Glen Pettigrove and Nigel Parsons have a piece in the October 2010 issue of Social Theory and Practice that explores “Palestinian Political Forgiveness: Agency, Permissibility, and Prospects.”
The Israel-Palestine conflict stands at the heart of tensions in the Middle East and, more than that, at the heart of tensions between the West and the Islamic world. It is sometimes suggested that the resolution of this conflict will require forgiveness on the part of both Palestine and Israel. However, what such forgiveness would involve has not been adequately explored. Our aim is to remedy this gap in the discussion.
While there has been quite a bit written about the normative and non-tangible elements of the Palestinian refugee issue (and the conflict more generally), this is the first piece I’ve seen that embeds all that in a broader discussion of the political and ethical dynamics of “forgiveness.”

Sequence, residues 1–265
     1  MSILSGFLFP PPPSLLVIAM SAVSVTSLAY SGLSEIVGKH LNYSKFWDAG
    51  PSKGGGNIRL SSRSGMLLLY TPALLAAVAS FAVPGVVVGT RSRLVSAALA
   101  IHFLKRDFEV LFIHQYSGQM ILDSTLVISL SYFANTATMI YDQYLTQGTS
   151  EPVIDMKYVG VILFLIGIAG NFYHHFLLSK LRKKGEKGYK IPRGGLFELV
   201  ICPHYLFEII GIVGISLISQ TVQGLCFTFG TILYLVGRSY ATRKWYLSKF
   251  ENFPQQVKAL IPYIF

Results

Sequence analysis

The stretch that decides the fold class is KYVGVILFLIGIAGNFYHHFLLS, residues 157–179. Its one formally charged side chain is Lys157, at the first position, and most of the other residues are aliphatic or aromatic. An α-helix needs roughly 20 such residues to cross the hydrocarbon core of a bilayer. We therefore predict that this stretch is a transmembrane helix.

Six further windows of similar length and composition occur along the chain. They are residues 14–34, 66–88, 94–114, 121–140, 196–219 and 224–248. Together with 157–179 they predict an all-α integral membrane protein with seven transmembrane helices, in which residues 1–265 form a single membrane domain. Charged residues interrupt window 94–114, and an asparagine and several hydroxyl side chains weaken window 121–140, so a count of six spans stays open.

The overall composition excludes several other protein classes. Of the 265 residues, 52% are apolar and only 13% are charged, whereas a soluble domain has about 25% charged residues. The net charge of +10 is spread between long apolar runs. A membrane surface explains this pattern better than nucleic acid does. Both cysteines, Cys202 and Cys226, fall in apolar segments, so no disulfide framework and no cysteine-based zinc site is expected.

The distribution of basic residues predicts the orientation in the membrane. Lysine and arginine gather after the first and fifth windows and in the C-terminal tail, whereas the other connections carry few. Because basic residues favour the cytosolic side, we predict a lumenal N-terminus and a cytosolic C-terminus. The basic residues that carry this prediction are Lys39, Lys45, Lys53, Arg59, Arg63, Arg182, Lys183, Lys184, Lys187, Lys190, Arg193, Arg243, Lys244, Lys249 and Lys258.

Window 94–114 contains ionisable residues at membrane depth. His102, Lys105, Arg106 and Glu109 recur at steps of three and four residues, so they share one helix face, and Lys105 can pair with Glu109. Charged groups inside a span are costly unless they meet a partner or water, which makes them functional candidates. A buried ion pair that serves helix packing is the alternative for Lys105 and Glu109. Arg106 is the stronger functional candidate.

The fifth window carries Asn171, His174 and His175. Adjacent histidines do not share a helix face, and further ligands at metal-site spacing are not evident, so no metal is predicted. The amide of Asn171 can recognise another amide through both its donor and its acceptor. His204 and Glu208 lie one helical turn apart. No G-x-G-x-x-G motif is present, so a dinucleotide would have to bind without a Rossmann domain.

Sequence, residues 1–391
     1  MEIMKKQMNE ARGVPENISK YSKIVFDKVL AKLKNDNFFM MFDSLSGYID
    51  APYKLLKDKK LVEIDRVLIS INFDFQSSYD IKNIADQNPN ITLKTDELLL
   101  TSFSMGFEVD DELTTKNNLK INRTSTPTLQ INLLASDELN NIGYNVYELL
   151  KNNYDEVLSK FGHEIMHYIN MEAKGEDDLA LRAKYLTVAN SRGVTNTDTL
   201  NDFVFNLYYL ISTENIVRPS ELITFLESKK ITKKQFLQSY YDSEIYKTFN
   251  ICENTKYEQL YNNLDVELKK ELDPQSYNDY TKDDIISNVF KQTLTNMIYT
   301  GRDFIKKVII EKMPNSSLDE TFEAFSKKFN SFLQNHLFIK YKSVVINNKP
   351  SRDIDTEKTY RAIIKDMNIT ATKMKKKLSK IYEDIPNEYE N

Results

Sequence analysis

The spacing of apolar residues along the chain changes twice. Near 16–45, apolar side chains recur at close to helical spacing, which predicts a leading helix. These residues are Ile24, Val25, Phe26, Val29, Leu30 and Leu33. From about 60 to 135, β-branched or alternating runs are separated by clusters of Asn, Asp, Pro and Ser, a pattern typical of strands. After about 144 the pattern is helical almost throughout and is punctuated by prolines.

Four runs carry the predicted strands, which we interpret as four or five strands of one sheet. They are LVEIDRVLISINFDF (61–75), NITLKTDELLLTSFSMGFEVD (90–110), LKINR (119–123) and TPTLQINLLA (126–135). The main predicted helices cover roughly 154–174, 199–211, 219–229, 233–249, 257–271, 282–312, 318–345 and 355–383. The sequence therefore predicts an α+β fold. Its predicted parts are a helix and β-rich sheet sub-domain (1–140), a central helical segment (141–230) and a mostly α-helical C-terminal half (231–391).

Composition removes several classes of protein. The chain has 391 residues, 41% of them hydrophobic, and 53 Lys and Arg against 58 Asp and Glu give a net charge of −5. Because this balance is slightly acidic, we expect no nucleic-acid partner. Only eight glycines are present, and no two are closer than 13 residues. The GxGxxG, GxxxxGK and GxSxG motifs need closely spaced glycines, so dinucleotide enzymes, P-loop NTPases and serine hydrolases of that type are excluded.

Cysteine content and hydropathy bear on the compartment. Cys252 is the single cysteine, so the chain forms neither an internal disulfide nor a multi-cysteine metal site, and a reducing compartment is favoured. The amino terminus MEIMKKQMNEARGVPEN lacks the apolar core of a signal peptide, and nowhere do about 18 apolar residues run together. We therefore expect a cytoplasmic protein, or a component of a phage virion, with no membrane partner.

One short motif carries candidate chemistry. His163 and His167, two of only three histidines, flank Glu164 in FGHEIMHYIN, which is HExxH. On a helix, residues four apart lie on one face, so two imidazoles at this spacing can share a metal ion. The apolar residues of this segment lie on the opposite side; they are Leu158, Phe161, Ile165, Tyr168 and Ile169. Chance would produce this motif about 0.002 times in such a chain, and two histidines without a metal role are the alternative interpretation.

I’ll admit that I’m personally rather doubtful of the emphasis that the authors place, towards the end of their article, on future infrastructure investment in a Palestinian state as a “transcendental representation” of Palestinian selfhood” that would ease the process of reconciliation. I don’t think it would work at a political and emotional level. I’m especially dubious about the “Arc” concept that RAND has proposed and which Pettigrove and Parsons point to as one such possibility (the Arc seems to me to be enormously impractical in the real world of development).
Still, the authors do a service by opening up the issue of “forgiveness” as an conceptual and practical issue for discussion.
h/t Mick Dumper